RE: live meaning and dead languages

Tim's example about wgs84:lat seems pretty solid.

But it's not that there won't be change ... but what sort of change might we expect?

The vocab is a "Basic Geo (WGS84 lat/long) Vocabulary" which does not address "issues covered in the professional GIS world" [1].

So, as this is useful, we may expect next gen geo loc vocabs that address more issues.

When this happens, in some sense the practical utility and practical meaning of the old vocabulary will be modified by the new vocabulary. E.g. a simple change might be that the old vocabulary becomes archaic. So that when you see the old vocab as well as knowing the location of the resource, you also know that either the data is old, or the system that generated the data is old, or is deliberately retro.

This is not part of the intended meaning of the geo loc vocab, but could become part of its actual meaning.

For example, a mapping application, may take semantic web information, and find triples that help identify location. It then shows icons on a map, (like many current web applications do).

If in practice is wgs84:lat has been superseded then they may well be mileage in only showing stuff in the older system if the user explicitly requests it, because most people, most of the time, are only really interested in up-to-date and actively maintained information.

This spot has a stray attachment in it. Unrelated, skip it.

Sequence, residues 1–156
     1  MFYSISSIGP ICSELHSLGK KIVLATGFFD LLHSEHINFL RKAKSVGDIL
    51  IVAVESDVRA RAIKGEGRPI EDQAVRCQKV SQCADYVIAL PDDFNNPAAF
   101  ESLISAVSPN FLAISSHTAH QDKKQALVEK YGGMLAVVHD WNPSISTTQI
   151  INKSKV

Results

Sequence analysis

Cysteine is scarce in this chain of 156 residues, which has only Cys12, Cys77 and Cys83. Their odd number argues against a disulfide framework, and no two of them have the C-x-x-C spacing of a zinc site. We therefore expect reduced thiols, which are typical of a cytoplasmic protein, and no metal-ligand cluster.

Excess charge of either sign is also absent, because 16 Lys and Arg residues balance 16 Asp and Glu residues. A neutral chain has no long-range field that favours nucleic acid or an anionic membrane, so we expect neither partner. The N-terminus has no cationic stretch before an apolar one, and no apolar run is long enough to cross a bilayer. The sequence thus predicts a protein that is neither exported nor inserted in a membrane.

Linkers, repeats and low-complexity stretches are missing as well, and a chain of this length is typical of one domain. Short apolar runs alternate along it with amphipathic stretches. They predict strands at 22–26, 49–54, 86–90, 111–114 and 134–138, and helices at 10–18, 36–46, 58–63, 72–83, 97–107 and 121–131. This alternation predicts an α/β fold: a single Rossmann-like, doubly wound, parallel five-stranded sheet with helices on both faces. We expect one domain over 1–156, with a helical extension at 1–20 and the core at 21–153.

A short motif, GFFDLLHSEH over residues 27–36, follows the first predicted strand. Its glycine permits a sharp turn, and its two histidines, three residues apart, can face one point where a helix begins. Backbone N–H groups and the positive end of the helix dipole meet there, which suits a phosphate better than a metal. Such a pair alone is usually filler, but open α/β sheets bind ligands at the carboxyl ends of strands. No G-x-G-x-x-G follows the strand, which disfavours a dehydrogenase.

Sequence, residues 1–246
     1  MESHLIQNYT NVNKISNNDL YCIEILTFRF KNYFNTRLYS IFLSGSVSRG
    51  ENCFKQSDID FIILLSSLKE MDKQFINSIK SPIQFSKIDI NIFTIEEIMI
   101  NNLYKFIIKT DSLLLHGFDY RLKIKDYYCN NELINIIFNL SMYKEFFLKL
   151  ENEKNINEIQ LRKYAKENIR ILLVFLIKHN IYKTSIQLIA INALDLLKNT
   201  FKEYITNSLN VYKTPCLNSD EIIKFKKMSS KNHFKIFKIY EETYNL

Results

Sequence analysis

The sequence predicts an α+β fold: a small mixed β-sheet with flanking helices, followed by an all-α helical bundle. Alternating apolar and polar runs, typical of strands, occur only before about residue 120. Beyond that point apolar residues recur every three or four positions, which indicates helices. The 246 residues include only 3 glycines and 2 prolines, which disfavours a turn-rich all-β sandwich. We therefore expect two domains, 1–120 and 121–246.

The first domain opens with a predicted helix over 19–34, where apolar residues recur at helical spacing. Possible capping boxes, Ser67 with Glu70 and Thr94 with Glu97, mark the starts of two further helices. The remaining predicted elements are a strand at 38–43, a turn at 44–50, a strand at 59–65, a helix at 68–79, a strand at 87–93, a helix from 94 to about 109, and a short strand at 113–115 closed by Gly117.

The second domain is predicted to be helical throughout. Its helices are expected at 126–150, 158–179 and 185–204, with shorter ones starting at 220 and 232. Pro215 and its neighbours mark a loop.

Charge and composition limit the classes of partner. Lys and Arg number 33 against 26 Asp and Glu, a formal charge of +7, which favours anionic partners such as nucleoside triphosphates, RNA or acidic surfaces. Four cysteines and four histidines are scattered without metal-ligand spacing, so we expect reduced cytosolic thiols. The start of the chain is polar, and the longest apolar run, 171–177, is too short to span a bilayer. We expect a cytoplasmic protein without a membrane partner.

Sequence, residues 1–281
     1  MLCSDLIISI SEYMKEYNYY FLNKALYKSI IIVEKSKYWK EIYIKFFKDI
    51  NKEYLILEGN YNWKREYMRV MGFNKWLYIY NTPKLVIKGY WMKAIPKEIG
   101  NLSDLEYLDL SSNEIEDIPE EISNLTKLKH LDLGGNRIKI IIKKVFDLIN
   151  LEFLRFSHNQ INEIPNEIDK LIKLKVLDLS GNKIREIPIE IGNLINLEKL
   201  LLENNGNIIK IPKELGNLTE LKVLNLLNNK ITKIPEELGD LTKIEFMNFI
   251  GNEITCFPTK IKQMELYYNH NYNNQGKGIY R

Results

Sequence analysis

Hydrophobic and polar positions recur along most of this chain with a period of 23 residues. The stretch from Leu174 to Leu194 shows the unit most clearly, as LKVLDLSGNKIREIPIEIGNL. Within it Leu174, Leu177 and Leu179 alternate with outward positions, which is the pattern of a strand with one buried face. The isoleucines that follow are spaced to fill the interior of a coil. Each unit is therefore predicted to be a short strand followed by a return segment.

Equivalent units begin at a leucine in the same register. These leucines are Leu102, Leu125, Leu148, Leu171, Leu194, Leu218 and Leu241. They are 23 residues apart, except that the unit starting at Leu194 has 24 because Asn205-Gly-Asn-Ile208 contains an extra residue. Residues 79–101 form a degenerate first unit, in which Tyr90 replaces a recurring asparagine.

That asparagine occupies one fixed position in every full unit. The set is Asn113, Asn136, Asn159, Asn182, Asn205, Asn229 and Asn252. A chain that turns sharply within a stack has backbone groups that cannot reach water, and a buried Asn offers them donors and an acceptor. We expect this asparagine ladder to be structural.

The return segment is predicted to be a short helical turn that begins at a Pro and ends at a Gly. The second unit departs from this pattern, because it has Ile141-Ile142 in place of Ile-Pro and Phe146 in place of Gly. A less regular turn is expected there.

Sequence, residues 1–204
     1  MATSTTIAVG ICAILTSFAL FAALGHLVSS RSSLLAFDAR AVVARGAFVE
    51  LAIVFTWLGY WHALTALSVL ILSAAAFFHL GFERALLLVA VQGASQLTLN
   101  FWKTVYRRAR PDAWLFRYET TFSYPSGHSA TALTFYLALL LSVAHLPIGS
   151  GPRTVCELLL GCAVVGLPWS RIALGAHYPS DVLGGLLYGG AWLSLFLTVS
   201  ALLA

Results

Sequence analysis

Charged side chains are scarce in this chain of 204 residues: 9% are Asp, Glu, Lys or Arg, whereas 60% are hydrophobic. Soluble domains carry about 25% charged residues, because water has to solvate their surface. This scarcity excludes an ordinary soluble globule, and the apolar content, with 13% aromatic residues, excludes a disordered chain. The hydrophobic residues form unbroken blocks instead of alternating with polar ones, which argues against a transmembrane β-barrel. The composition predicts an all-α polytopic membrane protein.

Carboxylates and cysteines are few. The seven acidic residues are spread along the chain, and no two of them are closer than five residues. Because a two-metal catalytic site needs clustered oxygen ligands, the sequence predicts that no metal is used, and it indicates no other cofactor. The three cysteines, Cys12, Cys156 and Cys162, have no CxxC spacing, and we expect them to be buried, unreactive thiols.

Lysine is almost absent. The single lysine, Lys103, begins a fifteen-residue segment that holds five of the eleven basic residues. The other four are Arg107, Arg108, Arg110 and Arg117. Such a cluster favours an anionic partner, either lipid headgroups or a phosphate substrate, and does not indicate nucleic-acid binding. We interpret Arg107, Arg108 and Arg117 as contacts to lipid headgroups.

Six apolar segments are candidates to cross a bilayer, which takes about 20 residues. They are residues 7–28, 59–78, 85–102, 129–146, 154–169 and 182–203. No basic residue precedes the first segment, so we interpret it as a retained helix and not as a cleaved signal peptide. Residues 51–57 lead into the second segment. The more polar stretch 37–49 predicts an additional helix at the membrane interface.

This could quite easily evolve into wgs84 being a dead vocabulary, no longer understood.


And on authoritative definition ...

Tim Berners-Lee: 
> The Semantic Web is a system we design, 

Michael Schneider 
> Hopefully not! :)

Tim Berners-Lee: 
> not one we observe from the
> sidelines as we do with Latin, say, or English.  

I found I agree with Tim about us designing SW, but not that we merely observe English.
It seems to me that we actively engage with languages that we speak to use them to create the world.

The potential differences are to do with the possibility of authoritative definition.

One view of definitions on SemWeb are that you can look up the DNS and find the owner of a URL and they get to say what that URL means. This was the essence of the social meaning part of earlier RDF working drafts that failed to find consensus [2].

I understand David Booth's efforts with URI Declarations are intended to address some of the weaknesses of the earlier designs.

In the area of natural language the Académie française is one of the few bodies that aspires to prescriptive power (I think), rather than merely descriptive.


[2] first entry pfps-14 under

Received on Monday, 9 February 2009 03:40:42 UTC